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Local Government Solutions

The key to governmental success is to be open to both new and old ideas. We'll help you determine which local government solutions work best for your county, town or city.

Doing More with Less...One Approach

In the television series "MacGyver," the lead character would, at some point in every episode, find himself in a very tight jam. Be it handcuffed to an explosive device, timer ticking away, about to blow up half the free world; or single-handedly having to defend a small town from an attack of trained mercenaries with nothing but dental floss, baby powder, and a can of Raid with which to create a weapon. Sure enough, every episode he managed to make something from nothing and, yes, save the day.

Local government managers do not have it so easy. Unfortunately, you are already expected to make something from nothing... or at least make it from less than you had to make it with last year. Also, not only are you not left to your own resources; you are burdened with the inevitable "strings" that come attached to you as a public servant. Heck, saving the free world doesn't sound so tough.

The Problem: Doing More with Less

The solution: Map it!
Whether you're evaluating a process, a service, or an entire department, process mapping may be a technique you can use. It is a technique that will enable you to utilize the talent and information available to you and determine if there is a way to in fact do more with less. Process mapping is a technique that allows you to explore and visualize how a system operates or a service is delivered from both a broad and general (macro) perspective, a more detailed (micro) perspective, or both.

Process mapping is the visual representation of a process that illustrates:

  • What activities are being completed.
  • Who is completing them, and when.
  • Starting and stopping points of major tasks.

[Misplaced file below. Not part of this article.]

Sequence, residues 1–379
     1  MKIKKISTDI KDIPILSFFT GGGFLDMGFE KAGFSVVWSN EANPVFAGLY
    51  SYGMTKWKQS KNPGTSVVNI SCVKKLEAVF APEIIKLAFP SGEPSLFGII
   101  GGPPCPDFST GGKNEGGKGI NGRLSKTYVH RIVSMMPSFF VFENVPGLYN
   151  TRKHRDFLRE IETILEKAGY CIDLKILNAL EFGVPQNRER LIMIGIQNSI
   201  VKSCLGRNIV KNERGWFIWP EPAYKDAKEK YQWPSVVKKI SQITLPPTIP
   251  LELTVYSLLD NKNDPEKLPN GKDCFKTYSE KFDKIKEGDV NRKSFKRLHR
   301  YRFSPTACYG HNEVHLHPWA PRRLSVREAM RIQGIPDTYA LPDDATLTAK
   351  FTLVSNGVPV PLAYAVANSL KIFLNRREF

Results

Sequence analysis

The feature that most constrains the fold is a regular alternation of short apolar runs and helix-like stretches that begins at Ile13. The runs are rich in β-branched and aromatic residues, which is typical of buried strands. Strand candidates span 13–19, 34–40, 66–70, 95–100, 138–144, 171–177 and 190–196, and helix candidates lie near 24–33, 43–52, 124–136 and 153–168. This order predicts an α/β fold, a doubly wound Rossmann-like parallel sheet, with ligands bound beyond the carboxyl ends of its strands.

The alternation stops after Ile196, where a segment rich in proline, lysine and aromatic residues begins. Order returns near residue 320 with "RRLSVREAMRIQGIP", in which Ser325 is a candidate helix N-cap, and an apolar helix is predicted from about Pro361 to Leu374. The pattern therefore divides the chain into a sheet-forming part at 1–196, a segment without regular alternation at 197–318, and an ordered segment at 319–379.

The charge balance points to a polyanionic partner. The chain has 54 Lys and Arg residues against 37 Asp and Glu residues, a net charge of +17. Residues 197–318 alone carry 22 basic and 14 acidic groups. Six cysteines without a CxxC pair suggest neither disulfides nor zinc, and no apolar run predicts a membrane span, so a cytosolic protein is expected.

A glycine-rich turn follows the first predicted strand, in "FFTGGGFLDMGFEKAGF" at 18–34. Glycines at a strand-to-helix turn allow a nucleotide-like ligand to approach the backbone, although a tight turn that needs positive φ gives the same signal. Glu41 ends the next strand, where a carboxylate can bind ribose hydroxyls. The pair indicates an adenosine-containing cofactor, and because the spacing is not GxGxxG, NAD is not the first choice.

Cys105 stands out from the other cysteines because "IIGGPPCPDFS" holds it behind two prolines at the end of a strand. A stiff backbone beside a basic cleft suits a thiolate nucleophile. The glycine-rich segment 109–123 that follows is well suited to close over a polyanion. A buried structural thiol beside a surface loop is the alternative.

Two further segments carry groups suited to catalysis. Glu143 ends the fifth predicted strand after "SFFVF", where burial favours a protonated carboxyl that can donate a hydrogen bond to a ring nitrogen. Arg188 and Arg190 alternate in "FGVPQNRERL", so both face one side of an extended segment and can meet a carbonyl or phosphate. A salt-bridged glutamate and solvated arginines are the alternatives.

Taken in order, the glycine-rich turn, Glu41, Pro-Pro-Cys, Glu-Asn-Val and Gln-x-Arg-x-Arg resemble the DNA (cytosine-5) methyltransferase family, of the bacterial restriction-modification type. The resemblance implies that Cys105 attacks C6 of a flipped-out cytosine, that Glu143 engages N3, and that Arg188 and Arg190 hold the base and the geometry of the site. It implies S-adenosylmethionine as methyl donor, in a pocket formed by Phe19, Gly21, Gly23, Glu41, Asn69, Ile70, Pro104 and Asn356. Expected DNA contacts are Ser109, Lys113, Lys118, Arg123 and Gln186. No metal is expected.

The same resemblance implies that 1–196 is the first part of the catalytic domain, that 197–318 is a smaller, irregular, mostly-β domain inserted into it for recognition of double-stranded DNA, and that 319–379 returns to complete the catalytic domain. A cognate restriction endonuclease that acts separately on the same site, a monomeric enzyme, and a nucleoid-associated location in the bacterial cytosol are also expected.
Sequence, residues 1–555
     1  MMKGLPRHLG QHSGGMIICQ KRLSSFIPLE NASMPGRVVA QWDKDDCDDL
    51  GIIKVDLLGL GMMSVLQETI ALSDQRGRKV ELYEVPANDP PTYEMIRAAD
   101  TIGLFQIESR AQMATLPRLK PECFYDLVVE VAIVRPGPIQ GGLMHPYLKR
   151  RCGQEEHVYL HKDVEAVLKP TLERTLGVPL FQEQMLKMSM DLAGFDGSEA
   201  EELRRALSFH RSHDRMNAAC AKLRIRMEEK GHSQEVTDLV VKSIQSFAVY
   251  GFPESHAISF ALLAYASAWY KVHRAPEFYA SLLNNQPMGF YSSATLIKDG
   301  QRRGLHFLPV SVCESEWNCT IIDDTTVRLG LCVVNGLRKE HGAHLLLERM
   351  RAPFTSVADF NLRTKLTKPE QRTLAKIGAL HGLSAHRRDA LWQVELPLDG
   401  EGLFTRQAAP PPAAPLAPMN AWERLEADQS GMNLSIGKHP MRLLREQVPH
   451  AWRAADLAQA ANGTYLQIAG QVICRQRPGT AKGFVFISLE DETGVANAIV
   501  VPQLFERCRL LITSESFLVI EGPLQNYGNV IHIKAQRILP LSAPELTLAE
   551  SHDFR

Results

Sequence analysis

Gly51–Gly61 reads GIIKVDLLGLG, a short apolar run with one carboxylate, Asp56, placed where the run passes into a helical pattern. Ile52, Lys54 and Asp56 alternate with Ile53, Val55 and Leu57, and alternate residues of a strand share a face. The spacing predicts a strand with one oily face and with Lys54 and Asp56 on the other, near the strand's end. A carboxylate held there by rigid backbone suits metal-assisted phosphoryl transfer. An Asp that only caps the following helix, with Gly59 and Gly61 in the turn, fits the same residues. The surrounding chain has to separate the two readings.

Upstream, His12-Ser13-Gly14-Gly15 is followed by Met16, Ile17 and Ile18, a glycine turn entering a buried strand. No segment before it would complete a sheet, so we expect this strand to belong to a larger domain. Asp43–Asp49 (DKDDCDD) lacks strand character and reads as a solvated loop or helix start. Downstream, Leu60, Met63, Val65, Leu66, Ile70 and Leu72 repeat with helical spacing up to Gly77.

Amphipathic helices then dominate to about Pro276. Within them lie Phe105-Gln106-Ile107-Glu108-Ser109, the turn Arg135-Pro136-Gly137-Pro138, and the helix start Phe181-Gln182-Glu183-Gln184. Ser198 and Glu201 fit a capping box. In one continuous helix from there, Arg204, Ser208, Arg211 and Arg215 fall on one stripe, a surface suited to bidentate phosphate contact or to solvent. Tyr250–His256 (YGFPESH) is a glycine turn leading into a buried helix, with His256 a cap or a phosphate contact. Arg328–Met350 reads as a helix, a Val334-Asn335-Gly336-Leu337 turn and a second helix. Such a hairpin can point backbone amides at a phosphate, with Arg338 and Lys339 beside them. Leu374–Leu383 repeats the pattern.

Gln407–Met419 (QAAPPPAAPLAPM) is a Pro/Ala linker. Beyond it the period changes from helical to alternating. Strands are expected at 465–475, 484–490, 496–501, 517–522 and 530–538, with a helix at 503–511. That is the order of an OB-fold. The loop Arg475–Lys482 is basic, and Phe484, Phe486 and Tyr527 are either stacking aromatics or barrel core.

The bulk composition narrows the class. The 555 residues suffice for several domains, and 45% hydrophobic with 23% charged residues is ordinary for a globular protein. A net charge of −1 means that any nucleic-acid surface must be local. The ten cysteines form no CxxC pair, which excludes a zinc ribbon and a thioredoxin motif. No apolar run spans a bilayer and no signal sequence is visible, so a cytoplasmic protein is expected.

• The sequence of events and hand-offs between individuals.
  • Internal and external functional limitations.

In other words, process mapping diagrams how a system operates. The process diagram itself, however, is not the end result.

The value of the process is that no matter how well we think we know a system, we will inevitably identify existing or potential service gaps that can be filled or improved. Once these gaps are identified, solutions addressing improved service, cost savings, and time issues are often discovered. This is when the critical assessment of what really happens occurs and the opportunity to visualize what is, what should be, and what could be comes into focus. Subsequently, assuming the right people have been involved in the mapping process, broad organizational support, i.e., "buy-in" for the improvements suggested will be realized.

The Keys to a Successful Process Mapping Effort

There are three keys to effective process mapping:

  • Listen Objectively
  • Ask the Tough Questions
  • Involve the Right People 

During times of fiscal restraint, you must take time to plan. As well, you must look with scrutiny at the activities in which you and your employees are involved with on a daily basis. Those activities and processes impact the delivery of services to your constituents. While it is likely to take longer than one of MacGyver's 60-minute episodes to address, we have yet to work with anyone who has not been pleased with the results of a sincere process mapping effort. Good Luck!